Can data really deliver one view of the customer?
So with all these challenges around consolidating information from across the business, to what extent can you really know your customer?
Data consolidation is difficult, no question, but some of the challenges are not as insurmountable as they may seem. Bringing data together is at the heart of an omni-channel payments platform. A common system across channels with a single data repository can provide the holistic view of customers that retailers are looking for. Having this single repository also reduces regulatory complexity, enables siloed teams to work together more productively, and provides the ability to market to customers on a more personal level.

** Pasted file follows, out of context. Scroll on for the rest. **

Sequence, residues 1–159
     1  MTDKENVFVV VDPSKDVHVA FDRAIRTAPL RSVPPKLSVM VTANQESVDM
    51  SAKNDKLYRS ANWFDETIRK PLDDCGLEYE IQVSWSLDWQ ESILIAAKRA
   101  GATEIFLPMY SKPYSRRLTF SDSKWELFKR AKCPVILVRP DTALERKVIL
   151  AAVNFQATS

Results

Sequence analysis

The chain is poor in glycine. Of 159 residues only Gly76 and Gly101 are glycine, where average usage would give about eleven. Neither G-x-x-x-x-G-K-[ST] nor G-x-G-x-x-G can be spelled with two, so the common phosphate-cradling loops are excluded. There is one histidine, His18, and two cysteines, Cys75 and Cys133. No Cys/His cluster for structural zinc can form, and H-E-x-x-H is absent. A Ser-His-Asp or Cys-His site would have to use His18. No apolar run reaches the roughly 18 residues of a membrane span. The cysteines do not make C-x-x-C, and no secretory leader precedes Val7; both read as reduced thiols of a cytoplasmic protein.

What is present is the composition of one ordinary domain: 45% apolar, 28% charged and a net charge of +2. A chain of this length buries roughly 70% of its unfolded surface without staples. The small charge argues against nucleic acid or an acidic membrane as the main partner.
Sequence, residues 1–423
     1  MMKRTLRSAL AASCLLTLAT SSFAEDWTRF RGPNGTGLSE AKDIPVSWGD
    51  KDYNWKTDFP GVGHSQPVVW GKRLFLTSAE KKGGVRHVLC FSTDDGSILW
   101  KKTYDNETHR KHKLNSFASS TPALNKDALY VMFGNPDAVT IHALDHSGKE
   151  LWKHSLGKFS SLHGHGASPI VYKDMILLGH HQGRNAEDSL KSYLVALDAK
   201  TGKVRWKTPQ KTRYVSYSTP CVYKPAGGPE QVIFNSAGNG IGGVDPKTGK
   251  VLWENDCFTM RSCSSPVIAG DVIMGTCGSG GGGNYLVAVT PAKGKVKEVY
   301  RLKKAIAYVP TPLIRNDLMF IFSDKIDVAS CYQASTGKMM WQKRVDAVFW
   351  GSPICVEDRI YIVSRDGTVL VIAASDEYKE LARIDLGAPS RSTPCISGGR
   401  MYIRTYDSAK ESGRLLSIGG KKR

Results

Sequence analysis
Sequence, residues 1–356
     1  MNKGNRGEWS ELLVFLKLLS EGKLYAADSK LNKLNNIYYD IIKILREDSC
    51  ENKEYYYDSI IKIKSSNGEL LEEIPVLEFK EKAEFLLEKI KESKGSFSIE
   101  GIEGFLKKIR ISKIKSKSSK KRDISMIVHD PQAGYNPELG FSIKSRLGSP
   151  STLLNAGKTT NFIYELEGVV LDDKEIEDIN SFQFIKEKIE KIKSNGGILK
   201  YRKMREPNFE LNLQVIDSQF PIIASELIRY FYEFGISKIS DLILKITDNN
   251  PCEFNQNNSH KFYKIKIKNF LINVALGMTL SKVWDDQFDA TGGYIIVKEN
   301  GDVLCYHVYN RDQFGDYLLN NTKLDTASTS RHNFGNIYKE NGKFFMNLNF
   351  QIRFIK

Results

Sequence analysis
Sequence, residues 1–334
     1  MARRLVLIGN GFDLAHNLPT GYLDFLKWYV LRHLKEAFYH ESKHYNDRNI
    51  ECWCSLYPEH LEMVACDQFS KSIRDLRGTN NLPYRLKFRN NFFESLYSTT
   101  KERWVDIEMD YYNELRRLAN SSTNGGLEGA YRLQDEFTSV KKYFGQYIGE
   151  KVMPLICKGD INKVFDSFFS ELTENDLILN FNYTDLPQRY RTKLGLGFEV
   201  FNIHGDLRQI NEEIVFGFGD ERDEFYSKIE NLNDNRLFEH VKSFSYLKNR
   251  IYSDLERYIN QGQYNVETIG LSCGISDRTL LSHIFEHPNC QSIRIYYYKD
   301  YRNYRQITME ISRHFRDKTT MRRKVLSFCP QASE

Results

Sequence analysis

There’s no doubt that consolidation is critical for retailers who want to make full use of the data available to them to deliver superior customer experience, remain competitive in their existing markets or expand into new ones. A unified payments platform makes this not only possible, but efficient too – providing the ability to innovate once and deploy in multiple locations without additional investment – ensuring that the payments infrastructure both enables growth and supports a seamless customer experience.
Download the full report: ‘The role of payments in the customer experience’, by Retail Week and ACI Worldwide.
Related Blog Posts
The Co-op U.K.: In with the New Does Not Mean Out with the Old
I had the pleasure on May 19 to discuss The Co-operative Group’s consumer payments strategy with Paul Fletcher, Co-op’s Head of Payments.